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PNG wants to scrap Westminster

PNG Prime Minister, Peter O'neill. Getty Image
PAPUA New Guinea prime minister Peter O'Neill has asked the nation's Constitutional and Law Reform Commission (CLRC) to consider scrapping the Westminster system of government in favour of federalism.
Under the proposal, first raised by former prime minister Sir Julius Chan in parliament last week, the prime minister would be directly elected by the people, Mr O'Neill said.

Sir Julius, one of PNG's founding fathers, has been campaigning strongly for a federal system and argued it was fair and representative for PNG and it's more than 850 cultures.

Mr O'Neill said on Tuesday the change will consolidate political stability.

"I fully share (Sir Julius') views because if we are to progress as a nation, we must continue to find ways to improve and consolidate what we have," Mr O'Neill said in a statement on Tuesday night.

"We must never be afraid of change that will bring stability and prosperity for the future."

Mr O'Neill urged the CLRC to undertake a year-long nationwide consultation and report their findings to Parliament.

The Chief Secretary Manasupe Zurenuoc has been asked to liaise with the CLRC to work out the Terms of Reference for the consultation.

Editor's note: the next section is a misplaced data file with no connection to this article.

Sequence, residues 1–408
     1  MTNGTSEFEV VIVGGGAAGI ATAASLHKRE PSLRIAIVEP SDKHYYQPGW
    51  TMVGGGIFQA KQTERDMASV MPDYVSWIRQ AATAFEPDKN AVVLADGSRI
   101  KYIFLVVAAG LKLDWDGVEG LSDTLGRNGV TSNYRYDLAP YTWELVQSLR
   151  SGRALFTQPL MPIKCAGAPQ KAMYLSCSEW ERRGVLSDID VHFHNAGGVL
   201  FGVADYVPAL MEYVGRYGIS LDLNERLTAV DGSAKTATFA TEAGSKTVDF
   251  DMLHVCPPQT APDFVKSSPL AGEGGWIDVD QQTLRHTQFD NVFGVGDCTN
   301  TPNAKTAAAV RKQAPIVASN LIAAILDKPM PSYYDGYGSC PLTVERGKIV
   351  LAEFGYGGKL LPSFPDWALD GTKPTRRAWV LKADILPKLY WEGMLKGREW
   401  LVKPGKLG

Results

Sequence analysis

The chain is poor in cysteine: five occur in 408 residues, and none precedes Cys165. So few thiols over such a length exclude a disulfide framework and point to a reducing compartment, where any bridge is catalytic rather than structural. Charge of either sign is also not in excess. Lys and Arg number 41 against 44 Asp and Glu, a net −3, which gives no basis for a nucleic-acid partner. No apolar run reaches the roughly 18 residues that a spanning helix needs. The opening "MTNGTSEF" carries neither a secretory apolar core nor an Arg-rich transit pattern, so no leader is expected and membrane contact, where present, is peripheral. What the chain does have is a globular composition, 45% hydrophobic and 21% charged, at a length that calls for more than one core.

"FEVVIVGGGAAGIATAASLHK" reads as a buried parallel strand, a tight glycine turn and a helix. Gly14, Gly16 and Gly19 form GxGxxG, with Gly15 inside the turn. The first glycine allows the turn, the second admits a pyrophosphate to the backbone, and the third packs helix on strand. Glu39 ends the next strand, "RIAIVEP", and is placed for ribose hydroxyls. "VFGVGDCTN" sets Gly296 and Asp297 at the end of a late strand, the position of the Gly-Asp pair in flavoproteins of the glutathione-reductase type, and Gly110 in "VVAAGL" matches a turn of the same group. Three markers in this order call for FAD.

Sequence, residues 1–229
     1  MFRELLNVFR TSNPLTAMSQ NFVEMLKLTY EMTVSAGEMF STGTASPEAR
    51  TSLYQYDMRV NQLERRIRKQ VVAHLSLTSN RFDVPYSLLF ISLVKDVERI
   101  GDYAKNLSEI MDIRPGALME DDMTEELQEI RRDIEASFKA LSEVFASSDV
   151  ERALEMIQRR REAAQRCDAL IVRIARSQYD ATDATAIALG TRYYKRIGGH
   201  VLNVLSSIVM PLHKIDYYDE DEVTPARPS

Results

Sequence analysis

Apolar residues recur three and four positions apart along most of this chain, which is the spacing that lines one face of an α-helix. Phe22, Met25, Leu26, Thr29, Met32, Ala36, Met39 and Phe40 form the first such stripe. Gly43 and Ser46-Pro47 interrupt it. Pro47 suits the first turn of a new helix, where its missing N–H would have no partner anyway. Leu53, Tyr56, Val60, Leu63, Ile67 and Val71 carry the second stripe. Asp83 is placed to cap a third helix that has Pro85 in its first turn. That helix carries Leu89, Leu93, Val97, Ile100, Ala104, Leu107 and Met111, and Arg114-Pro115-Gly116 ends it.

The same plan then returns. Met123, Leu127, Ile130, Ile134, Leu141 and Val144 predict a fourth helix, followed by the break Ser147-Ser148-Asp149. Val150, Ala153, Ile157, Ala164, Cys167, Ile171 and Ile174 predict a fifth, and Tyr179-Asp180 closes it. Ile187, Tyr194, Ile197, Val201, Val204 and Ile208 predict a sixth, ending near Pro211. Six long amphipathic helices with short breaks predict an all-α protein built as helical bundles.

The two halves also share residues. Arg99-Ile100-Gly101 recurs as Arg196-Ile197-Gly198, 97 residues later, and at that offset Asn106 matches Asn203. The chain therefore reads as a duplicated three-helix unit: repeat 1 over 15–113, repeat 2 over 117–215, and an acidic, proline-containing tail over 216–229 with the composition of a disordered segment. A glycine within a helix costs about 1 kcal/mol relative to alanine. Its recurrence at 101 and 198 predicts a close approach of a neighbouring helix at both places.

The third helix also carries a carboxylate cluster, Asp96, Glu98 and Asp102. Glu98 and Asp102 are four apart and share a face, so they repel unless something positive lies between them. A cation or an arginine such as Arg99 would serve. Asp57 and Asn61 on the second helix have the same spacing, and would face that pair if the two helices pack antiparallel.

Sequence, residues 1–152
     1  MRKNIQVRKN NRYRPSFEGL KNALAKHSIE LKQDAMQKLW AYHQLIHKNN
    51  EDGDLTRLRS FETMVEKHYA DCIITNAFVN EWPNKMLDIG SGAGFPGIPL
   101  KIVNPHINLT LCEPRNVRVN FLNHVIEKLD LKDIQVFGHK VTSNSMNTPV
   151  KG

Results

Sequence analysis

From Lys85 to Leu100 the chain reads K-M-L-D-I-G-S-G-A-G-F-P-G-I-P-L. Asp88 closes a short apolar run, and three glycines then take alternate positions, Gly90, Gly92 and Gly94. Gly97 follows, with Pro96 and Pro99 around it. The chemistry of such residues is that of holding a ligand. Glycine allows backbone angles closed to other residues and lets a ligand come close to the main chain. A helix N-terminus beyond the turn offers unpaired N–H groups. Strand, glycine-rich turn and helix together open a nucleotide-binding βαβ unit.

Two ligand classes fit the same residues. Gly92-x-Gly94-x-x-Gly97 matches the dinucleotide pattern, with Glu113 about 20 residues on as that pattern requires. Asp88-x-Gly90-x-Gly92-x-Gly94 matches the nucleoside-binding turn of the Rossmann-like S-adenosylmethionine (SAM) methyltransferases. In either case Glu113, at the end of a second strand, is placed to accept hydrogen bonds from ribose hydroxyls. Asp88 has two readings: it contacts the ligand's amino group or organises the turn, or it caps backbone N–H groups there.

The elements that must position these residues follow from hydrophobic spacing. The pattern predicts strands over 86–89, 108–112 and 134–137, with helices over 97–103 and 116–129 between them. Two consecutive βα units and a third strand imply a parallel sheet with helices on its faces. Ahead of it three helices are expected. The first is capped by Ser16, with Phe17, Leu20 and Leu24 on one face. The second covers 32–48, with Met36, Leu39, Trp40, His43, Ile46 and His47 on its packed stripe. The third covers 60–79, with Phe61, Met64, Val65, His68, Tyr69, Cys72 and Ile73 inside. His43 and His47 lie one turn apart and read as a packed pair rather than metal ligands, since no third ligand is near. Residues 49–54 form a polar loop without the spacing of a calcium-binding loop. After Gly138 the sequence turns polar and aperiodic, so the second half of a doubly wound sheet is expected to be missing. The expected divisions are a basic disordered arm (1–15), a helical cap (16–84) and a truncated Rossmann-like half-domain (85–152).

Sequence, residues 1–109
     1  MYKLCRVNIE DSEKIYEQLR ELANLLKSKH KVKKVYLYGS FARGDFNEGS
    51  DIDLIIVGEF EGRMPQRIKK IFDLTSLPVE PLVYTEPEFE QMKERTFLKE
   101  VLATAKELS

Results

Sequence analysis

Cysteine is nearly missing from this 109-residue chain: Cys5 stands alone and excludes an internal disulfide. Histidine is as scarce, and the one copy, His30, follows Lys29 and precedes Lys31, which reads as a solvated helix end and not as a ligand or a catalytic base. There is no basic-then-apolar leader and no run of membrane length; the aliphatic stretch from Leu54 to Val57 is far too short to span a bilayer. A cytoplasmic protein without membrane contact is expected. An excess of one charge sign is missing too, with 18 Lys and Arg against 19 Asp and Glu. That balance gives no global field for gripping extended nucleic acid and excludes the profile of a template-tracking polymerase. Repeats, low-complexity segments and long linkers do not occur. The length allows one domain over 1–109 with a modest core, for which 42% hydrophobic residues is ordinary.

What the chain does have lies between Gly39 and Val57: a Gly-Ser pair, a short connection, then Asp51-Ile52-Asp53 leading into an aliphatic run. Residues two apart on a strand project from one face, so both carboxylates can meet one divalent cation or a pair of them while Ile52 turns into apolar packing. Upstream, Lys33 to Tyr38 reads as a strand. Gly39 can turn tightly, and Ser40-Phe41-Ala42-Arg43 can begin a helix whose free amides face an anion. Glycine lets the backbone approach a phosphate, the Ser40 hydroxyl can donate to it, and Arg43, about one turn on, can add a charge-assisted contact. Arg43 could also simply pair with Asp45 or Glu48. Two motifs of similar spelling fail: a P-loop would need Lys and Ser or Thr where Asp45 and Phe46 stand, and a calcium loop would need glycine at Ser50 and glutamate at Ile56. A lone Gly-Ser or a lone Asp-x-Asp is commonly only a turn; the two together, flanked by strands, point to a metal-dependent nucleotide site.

PNG last week celebrated its 38th year of independence from Australia.

Since then the country has been run by a single House of Parliament, where no one party has achieved the numbers enough to rule outright.

As a result, PNG's parliament has been periodically rocked by sudden and unexpected votes of no confidence as shaky coalitions realign.

In mid 2011 Mr O'Neill came to power by unseating PNG's longest serving PM, Sir Michael Somare, in a vote of no confidence while the veteran MP was in Singapore undergoing heart surgery.

The Supreme Court declared that move illegal, a decision that sparked a prolonged period of political unrest which included a failed military mutiny by supporters of Sir Michael.

At the end of the mid-2012 national election Mr O'Neill returned to the prime minister's chair, at the head of a coalition that included former prime ministers and former enemy Sir Michael.

Mr O'Neill earlier this year used his massive parliamentary majority to ban votes of no confidence in his government for 30 months.

Last week he convinced 82 of his 101 backers to pass constitutional amendments requiring a month's notice by a fifth of parliament to bring a vote of no confidence.

He pledged to resign as PM if ever lost the confidence of 56 of PNG's 111 parliamentarians.

The opposition, which currently number seven, have vowed to fight the vote of no confidence laws in the courts.

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